I want to live forever

Dennis asked:

Why is life on Earth so precarious, with old age and death necessary?

As the truths of metaphysics and overcoming of aging is on the human threshold, it looks like that is what humans were designed to do — True?

Answer by Gershon Velvel

Let me make a confession, Dennis. I want to live forever. I really do. And I also want to know the ultimate nature of reality. I mean, really know. And do you know what? In my mind, somehow the two are inextricably linked. If I knew the ultimate nature of reality, I could not die. Death would be impossible. And if I found a way to escape death, now and forever more, I would surely know the ultimate nature of reality.

Actually, that’s not a new idea. That’s what Jesus told his followers. ‘I am the way, the truth, and the life,’ he famously says to Thomas (John 14:6). For many millions of people, the Christian (not only Christian) ‘family story’ IS the ultimate reality, and sincere belief is all you need — to live forever.

And if you are a philosopher, on the track of truth — or so you hope and believe — does that necessarily mean you have to be a sceptic, accept limitation and finitude, Heideggerian ‘being towards death’ and the ultimate nihilation of everyone and everything you have ever cared for?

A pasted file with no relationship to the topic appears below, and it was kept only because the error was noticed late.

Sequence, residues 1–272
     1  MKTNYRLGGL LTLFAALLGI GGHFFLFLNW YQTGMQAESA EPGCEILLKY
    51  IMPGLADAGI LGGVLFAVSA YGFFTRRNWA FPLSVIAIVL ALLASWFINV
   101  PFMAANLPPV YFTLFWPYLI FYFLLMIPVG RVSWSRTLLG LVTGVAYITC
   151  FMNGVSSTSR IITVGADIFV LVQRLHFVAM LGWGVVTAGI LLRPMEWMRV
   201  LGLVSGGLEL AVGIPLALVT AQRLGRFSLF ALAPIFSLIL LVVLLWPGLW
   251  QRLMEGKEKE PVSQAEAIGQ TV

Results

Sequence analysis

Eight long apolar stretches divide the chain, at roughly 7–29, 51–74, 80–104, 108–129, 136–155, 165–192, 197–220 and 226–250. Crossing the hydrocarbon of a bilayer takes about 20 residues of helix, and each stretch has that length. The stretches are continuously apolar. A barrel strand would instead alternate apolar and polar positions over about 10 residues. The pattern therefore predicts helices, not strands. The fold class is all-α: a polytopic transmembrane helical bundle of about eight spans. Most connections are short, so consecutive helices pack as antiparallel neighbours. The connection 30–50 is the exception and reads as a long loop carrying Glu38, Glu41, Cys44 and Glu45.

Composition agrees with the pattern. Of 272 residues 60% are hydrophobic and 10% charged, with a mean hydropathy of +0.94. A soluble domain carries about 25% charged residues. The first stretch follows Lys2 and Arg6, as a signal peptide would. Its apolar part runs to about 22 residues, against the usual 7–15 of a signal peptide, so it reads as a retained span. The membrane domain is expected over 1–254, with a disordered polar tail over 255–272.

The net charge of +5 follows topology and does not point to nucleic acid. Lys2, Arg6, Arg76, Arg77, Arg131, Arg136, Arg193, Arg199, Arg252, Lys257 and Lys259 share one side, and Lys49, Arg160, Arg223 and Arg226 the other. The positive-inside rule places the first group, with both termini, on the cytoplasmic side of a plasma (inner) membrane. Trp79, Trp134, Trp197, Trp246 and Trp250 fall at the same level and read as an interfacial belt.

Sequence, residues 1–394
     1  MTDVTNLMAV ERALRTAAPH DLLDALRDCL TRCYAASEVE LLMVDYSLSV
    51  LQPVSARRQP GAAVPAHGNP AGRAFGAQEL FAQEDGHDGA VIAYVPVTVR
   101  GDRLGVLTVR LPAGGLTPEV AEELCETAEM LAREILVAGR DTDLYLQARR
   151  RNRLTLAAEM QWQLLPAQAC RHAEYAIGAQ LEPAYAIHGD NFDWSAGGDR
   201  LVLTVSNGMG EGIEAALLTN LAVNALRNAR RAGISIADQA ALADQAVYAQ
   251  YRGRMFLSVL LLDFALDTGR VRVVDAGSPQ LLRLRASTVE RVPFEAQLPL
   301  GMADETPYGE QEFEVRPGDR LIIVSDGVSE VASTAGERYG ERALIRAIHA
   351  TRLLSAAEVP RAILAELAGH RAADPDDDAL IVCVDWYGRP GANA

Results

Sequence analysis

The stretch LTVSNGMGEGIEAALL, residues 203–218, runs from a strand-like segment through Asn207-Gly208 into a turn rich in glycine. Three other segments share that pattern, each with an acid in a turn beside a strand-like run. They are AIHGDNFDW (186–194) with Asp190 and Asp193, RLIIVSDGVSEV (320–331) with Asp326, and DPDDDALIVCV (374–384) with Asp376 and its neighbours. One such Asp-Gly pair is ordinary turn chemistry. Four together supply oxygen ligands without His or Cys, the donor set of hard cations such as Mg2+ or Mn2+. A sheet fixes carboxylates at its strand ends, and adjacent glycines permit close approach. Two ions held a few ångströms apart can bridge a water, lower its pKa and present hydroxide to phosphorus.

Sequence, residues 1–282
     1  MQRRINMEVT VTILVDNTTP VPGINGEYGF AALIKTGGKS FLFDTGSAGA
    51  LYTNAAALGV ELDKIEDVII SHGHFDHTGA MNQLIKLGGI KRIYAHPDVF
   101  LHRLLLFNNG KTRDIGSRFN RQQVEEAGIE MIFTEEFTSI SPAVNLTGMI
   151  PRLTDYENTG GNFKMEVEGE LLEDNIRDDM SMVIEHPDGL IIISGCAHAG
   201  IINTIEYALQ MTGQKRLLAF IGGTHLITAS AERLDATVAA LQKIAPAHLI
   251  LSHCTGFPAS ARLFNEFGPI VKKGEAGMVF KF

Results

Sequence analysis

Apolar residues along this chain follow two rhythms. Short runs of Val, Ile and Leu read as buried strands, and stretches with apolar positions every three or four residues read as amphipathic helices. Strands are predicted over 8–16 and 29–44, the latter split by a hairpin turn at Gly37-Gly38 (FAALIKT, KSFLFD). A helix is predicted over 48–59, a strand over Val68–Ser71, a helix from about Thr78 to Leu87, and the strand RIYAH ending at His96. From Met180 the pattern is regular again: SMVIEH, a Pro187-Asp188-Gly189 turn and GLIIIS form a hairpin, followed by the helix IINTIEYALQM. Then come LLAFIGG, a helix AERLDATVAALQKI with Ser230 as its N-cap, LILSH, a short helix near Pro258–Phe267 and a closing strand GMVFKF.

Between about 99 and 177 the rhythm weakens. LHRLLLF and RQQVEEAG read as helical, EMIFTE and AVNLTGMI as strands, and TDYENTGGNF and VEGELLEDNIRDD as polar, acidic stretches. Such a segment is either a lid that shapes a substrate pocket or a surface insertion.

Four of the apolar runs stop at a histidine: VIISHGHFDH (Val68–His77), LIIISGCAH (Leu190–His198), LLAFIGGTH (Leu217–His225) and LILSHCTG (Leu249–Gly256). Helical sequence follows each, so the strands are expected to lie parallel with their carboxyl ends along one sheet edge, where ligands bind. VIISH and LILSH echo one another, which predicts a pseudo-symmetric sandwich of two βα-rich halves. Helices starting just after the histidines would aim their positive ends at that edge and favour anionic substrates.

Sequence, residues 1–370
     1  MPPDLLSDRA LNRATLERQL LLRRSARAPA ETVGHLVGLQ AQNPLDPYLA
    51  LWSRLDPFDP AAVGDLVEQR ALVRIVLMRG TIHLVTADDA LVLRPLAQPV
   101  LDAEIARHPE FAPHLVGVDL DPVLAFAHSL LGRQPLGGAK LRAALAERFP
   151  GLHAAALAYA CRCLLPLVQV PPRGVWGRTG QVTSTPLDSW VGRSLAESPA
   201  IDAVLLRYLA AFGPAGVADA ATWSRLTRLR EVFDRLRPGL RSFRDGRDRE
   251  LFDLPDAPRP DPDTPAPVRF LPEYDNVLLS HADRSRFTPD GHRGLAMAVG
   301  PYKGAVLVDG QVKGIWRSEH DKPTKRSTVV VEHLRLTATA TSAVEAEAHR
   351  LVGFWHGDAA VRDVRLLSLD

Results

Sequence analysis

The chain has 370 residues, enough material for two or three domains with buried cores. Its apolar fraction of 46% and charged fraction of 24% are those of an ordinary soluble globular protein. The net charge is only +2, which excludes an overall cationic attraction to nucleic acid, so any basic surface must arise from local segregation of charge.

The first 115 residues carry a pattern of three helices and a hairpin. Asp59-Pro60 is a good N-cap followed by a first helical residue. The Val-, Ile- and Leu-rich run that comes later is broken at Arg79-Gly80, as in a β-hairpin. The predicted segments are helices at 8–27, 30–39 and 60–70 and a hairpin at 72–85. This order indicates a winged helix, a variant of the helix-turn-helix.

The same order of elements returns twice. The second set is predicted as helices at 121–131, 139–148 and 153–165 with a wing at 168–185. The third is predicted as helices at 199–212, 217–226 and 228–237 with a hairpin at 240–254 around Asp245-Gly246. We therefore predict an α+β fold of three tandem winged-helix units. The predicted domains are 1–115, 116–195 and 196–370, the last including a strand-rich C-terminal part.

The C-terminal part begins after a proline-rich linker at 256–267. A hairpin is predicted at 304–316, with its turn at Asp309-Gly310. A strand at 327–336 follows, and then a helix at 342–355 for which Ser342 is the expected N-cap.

If that thought makes you depressed, then maybe Plato is more your man. Actually, the Pythagorean idea of reincarnation — the Pythagoreans were one of Plato’s major influences — is not a million miles away from what the contemporary philosopher Daniel Dennett preaches. The self is just a program (a Pythagorean ‘number’ — it could be a Gödel number, get it?). Logic and set theory are eternal, true in all possible worlds. The Dennis-program is eternal. All you need is suitable equipment to ‘upload’ it to and off you go. Again. And again, for ever.

All material structures are finite by their very nature. Nothing can escape the ultimate death of this material universe. But sets and numbers don’t need a ‘universe’, because they form a permanent universe of their own. Your fragile human body will certainly die, but the possibility that YOU will come back is logical, not physical. The ultimate nature of reality is just as Plato said: logical and rational. The eternal Forms. And you — a ‘soul’ — are another entity of a similar kind (‘akin’ to the Forms, as Plato claims in the Phaedo), logically indestructible.

I’m not going to attempt to fill the serious logical gaps in this story, because although you ask whether your idea is ‘true’, I don’t think truth is really the issue. (You weren’t seriously thinking that somehow technology will solve the problem of human finitude, were you?!) This is about what you and I want, deep down. Trying to understand what that is about.

As a matter of empirical fact, or, rather, speculation, it is conceivable that human beings and all life on Earth were designed — say, by a superior multi-dimensional alien race. Why not? Maybe the multi-dimensional aliens didn’t need to ‘evolve’. Make up any story you like. But, obviously, it’s not going to solve any problem if the aliens are, essentially, in the same predicament as we are, dependent on a long chain of contingencies that could alter at any time, leading to their total extinction.

That’s not what we want. That’s just another ‘story’. So all all that’s left is metaphysics. See if you can improve on Plato. So long as you are on the way to a solution, however long that way may be, there is always hope. — Better put that thinking cap on!